« ՆախորդըՇարունակել »
SCENE III.-A Heath. Thunder
Enter the three Witches.
1st Witch. Where hast thou been, sister?
2nd Witch. Killing swine.
3rd Witch. Sister, where thou?
1st Witch. A sailor's wife had chestnuts in her lap,
And mounch'd and mounch'd and mounch'd ;-Give me, quoth I:
Aroint thee, witch! the rump-fed ronyon cries.
Her husband's to Aleppo gone, master o' the Tiger :
But in a sieve I'll thither sail,
And, like a rat without a tail,
I'll do, I'll do, and I'll do.
2nd Witch. I'll give thee a wind.
1st Witch. Thou art kind.
3rd Witch. And I another.
1st Witch. I myself have all the other:
And the very ports they blow,
All the quarters that they know
I'the shipman's card.
I will drain him dry as hay :
Weary sev'n-nights, nine times nine,
2nd Witch. Show me, show me.
1st Witch. Here I have a pilot's thum, Wreck'd as homeward he did come.
3rd Witch. A drum, a drum: Macbeth doth come.
All. The weird sisters, hand in hand, Posters of the sea and land,
Thus do go about, about;
Thrice to thine, and thrice to mine,
And thrice again, to make up nine :
Peace!-the charm's wound up.
Enter MACBETH and BANQUO.
Macb. Se foul and fair a day I have not seen.
So wither'd, and so wild in their attire;
That look not like the inhabitants o' the earth,
And yet are on't? Live you? or are you aught
That man may question? You seem to understand me,
By each at once her choppy finger laying
Macb. Speak, if you can ;-What are you?
1st Witch. All hail, Macbeth! hail to thee, thane of Glamis ! 2nd Witch. All hail, Macbeth! hail to thee, thane of Cawdor! 3rd Witch. All hail, Macbeth! that shalt be king hereafter. Ban. Good sir, why do you start; and seem to fear Things that do sound so fair ?-I' the name of truth, Are ye fantastical, or that indeed
Which outwardly ye show? My noble partner
That he seems wrapt withal; to me you speak not:
And say, which grain will grow, and which will not;
1st Witch. Hail!2nd Witch. Hail!
3rd Witch. Hail!
1st Witch. Lesser than Macbeth, and greater. 2nd Witch. Not so happy, yet much happier.
3rd Witch. Thy children shall be kings, though thou be none: So all hail, Macbeth and Banquo!
1st Witch. Banquo, and Macbeth, all hail !
Macb. Stay, you imperfect speakers, tell me more:
By Sinel's death, I know, I am thane of Glamis;
But how of Cawdor? the thane of Cawdor lives,
No more than to be Cawdor. Say, from whence
With such prophetic greeting ?-Speak, I charge you.
Ban. The earth hath bubbles, as the water has,
Ban. Were such things here, as we do speak about?
That takes the reason prisoner?
You shall be king.
Macb. Your children shall be kings.
Enter Rosse and ANGUS.
Rosse. The king hath happily received, Macbeth,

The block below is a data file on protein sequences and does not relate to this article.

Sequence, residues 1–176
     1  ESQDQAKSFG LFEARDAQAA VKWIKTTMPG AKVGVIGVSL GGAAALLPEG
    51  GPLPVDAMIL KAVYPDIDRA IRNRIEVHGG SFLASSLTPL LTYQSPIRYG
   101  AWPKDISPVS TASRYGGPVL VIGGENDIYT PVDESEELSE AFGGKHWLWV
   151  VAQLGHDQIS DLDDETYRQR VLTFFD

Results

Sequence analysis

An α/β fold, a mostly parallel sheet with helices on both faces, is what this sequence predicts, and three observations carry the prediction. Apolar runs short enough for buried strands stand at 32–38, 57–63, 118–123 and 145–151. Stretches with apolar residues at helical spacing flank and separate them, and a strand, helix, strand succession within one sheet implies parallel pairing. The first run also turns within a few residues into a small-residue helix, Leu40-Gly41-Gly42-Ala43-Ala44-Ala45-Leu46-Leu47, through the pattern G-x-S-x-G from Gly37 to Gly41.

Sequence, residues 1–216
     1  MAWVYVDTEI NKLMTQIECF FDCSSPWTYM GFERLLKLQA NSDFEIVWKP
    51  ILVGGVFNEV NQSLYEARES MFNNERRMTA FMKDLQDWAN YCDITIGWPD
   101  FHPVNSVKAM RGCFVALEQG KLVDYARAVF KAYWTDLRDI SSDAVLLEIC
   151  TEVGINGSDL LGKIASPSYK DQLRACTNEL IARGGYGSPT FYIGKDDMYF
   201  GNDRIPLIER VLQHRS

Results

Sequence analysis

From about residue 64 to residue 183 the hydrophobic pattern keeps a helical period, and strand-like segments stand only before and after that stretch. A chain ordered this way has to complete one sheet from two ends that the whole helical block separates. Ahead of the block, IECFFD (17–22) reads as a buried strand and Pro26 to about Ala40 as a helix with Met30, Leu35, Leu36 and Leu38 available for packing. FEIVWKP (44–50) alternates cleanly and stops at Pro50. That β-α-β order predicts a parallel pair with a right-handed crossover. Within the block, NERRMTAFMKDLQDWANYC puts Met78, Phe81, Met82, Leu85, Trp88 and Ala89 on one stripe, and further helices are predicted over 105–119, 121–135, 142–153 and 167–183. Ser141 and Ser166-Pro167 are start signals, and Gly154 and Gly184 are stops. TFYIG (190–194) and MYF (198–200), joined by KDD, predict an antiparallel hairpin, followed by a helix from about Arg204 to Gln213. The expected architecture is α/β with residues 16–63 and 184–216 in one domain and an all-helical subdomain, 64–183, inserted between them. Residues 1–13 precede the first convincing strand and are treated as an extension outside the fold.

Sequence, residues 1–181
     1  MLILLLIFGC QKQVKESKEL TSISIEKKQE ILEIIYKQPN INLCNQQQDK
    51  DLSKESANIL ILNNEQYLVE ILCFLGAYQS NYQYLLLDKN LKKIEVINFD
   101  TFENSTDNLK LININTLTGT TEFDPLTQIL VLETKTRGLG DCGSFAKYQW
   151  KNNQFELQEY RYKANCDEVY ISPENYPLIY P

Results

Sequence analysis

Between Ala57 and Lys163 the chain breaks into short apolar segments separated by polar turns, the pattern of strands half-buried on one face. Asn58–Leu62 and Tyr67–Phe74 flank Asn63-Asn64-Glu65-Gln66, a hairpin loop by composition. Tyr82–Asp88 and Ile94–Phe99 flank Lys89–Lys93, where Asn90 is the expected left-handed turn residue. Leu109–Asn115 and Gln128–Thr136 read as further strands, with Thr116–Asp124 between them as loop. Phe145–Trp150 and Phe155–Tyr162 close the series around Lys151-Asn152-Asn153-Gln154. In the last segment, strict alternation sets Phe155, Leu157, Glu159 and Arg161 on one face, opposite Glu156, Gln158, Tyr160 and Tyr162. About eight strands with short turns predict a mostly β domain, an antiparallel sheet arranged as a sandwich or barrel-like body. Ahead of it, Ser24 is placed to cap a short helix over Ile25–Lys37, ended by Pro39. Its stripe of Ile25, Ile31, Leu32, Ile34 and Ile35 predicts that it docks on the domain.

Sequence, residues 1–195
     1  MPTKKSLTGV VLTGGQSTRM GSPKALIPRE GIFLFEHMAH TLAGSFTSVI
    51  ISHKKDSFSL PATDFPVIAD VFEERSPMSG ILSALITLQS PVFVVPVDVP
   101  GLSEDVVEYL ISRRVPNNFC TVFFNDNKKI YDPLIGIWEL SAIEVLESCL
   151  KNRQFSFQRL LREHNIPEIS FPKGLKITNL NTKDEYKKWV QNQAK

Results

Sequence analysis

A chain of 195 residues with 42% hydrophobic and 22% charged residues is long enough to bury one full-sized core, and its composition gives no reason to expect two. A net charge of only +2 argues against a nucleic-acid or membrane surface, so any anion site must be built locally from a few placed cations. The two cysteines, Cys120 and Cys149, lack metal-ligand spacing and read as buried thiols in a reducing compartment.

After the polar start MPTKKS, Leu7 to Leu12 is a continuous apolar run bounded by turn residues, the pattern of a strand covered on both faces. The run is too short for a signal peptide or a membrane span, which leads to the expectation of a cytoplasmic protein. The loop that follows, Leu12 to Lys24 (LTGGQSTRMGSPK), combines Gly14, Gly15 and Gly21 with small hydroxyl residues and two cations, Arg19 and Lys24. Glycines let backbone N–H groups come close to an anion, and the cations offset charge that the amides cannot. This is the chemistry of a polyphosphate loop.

Rosse. And, for an earnest of a greater honor,
For it is thine.
What, can the devil speak true?
Macb. The thane of Cawdor lives; Why do you dress ms In borrowed robes ?
Besides the thane of Cawdor. But 'tis strange
The instruments of darkness tell us truths;
Win us with honest trifles, to betray us
Cousins, a word, I pray you.
Two truths are told,
As happy prologues to the swelling act
Of the imperial theme.-I thank you, gentlemen.-
Cannot be ill; cannot e good:-If ill,
My thought, whose murder yet is but far.tastical,
But what is not.
Look, how our partner's rapt.
Macb. If chance will have me king, why, chance may crown me Without my stir.
New honors come upon him
Like our strange garments; cleave not to their mould,
Come what come may;
Ban. Worthy Macbeth, we stay upon your leisure.
Are register'd where every day I turn
The leaf to read them.-Let us toward the king.—
Our free hearts each to other.
Macbeth goes to Fores to pay his duty to King Duncan, who confirms him in his title of Thane of Cawdor, and as a farther proof of the royal favor, the King announces his intention of visiting Macbeth at his Castle in Inverness. Macbeth leaves the King to be tne "harbinger" of the monarch's proposed visit.
The Scene changes to the Castle of Macbeth, and Lady Macbeth enters, reading a Letter she has just received from her husband.
Inverness. A Room in Macbeth's Castle.
Enter Lady Macbeth, reading a letter.
Lady M. They met me in the day of success; and I have learned by the perfectest report, they have more in them than mortal knowledge. When I burned in desire to question them further, they made themselves—air, into which they vanished Whiles I stood rapt in the wonder of it, came missives from the king, who all-hailed me, Thane of Cawdor; by which title, before, these weird sisters saluted me, and referred me to the coming on of time, with, Hail, king that shalt be!
This have I thought good to deliver thee, my dearest partner of my greatness; that thou mightest not lose the dues of rejoicing, by being ignorant of what greatness is promised thee. Lay it to thy heart, and farewell.
Glamis thou art, and Cawdor; and shalt be
What thou art promis'd :-Yet do I fear thy nature;
To catch the nearest way. Thou would'st be great;
The illness should attend it. What thou would'st highly,
And yet would'st wrongly win: thou'dst have, great Glamis,
And that which rather thou dost fear to do,
Than wishest should be undone. Hie thee hither,
To have thee crown'd withal.- -What is your tidings?
Is not thy master with him? who, wer't so,
Would have inform'd for preparation.
Thou'rt mad to say it:
Atten. So please you, it is true; our thane is coming:
One of my fellows had the speed of him :
Who, almost dead for breath, had scarcely more
Than would take up his message.
Give him tending.
He brings good news. The raven himself-is hoarse,
That croaks the fatal entrance of Duncan
You wait on nature's mischief! Come, thick night,
To cry, Hold, hold!- -Great Glamis' worthy Cawdor!